Any strain or load placed against one part of the structure is distributed throughout the structure, even on the opposite side or distally. When compression is released, the components spring back to their original position. The tensegrity of the fascia is reproduced down to the cellular level. This allows the body’s structure to distribute stress throughout the entire system, thereby remaining resilient to the effects of external forces.

Every time we move and the skin stretches, the extra-cellular matrix also stretches. The cells distort, and the interconnected molecules that make up the internal structural matrix of the cell feel the pull without any discontinuity or break in their linkage. The strain is distributed across and throughout the body, even across meridians, myofascial lines, bones, muscles tendons and ligaments.

The practice of Zhan Zhuang (“Stake Standing”) is a good example of Tensegrity in action. Standing or holding fixed postures is one of the fundamental exercises in internal martial arts. In holding the embrace posture for example, the body relaxes, and the joints are aligned (external harmonies). As one stands, the intention guides the Qi to the tips of the body, so that Qi fills the entire body.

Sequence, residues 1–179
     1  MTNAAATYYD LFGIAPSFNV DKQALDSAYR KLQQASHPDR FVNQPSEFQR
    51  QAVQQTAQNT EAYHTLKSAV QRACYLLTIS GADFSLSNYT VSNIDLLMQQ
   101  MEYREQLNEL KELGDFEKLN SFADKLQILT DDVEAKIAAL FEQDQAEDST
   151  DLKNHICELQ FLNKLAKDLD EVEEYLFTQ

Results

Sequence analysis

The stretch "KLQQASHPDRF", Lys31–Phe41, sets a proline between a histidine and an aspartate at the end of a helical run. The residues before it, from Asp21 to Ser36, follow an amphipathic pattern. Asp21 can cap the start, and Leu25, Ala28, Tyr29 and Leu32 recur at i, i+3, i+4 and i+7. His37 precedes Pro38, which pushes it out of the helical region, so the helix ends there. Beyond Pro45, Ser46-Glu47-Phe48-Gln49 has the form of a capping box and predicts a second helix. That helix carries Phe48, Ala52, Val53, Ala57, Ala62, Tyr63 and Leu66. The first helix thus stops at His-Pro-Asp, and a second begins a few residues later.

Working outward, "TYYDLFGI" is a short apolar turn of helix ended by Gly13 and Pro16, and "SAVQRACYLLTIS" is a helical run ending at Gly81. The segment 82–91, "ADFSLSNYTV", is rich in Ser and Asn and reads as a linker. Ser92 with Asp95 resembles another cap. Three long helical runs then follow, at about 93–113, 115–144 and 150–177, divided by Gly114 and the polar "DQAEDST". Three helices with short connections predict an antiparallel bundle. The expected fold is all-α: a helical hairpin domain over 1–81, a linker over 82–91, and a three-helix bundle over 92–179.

At the same time, there are oppositional forces operating in every direction which are not a product of bone, muscle and sinew but of the intention. The head and upper back erect upward, while the tailbone sinks down, producing oppositional forces that pull the spine in opposite directions. The arms feel like they are supporting and embracing inward, while at the same time the arms are pulling apart. Simultaneously, throughout the body, there is twisting, spiraling, wrapping inward and outward, extending and stretching, retracting, embracing, pulling apart and pushing together. These forces are manifestations of Yin and Yang, positive and negative – they are oppositional but also complimentary. When these forces are balanced, body tension is minimized, but the body is also loaded to move in any direction. All of this is a product of internal intention and internal “movement,” occurring without visible (external) muscle tension or movement.